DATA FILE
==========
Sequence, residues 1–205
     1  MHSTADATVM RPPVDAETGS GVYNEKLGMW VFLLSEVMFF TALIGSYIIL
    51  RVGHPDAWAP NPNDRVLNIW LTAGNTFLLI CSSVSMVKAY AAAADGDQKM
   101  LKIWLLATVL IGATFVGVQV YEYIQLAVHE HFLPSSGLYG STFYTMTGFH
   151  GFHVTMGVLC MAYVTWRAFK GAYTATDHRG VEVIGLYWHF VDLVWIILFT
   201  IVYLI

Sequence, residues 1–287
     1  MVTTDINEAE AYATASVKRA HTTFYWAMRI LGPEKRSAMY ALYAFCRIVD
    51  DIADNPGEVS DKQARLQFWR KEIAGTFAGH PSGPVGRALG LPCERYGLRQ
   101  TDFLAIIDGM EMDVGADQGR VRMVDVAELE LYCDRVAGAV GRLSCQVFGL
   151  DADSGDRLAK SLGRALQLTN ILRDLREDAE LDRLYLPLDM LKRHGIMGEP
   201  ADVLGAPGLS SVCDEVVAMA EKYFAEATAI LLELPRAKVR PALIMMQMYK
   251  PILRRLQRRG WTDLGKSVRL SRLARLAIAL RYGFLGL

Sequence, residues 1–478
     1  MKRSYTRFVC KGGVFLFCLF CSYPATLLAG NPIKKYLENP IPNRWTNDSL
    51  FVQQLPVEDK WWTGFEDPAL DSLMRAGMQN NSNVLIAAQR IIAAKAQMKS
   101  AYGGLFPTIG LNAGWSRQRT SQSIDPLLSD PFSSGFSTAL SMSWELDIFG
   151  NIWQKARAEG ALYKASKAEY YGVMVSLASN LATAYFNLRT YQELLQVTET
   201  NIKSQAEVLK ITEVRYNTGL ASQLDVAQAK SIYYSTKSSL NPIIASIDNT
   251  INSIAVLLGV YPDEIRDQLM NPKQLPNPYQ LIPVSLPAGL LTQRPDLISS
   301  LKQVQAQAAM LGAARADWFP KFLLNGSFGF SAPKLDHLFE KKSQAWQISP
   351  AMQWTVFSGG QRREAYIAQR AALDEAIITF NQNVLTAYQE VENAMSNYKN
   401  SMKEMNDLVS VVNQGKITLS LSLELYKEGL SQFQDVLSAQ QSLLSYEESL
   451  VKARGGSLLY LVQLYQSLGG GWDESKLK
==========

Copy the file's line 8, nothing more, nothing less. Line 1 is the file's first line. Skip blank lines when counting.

     1  MVTTDINEAE AYATASVKRA HTTFYWAMRI LGPEKRSAMY ALYAFCRIVD